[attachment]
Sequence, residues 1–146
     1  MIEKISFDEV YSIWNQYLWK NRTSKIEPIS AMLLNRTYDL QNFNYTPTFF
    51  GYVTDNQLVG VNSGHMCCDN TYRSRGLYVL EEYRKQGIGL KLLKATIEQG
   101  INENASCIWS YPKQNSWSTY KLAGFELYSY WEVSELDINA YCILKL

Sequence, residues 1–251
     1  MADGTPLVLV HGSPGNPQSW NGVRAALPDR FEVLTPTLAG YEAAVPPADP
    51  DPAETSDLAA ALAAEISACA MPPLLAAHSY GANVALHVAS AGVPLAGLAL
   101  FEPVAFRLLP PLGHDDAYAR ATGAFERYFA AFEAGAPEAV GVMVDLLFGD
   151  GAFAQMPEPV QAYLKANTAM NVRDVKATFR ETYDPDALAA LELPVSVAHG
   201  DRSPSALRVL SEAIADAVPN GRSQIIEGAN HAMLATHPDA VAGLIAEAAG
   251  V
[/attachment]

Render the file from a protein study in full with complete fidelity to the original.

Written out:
Sequence, residues 1–146
     1  MIEKISFDEV YSIWNQYLWK NRTSKIEPIS AMLLNRTYDL QNFNYTPTFF
    51  GYVTDNQLVG VNSGHMCCDN TYRSRGLYVL EEYRKQGIGL KLLKATIEQG
   101  INENASCIWS YPKQNSWSTY KLAGFELYSY WEVSELDINA YCILKL

Sequence, residues 1–251
     1  MADGTPLVLV HGSPGNPQSW NGVRAALPDR FEVLTPTLAG YEAAVPPADP
    51  DPAETSDLAA ALAAEISACA MPPLLAAHSY GANVALHVAS AGVPLAGLAL
   101  FEPVAFRLLP PLGHDDAYAR ATGAFERYFA AFEAGAPEAV GVMVDLLFGD
   151  GAFAQMPEPV QAYLKANTAM NVRDVKATFR ETYDPDALAA LELPVSVAHG
   201  DRSPSALRVL SEAIADAVPN GRSQIIEGAN HAMLATHPDA VAGLIAEAAG
   251  V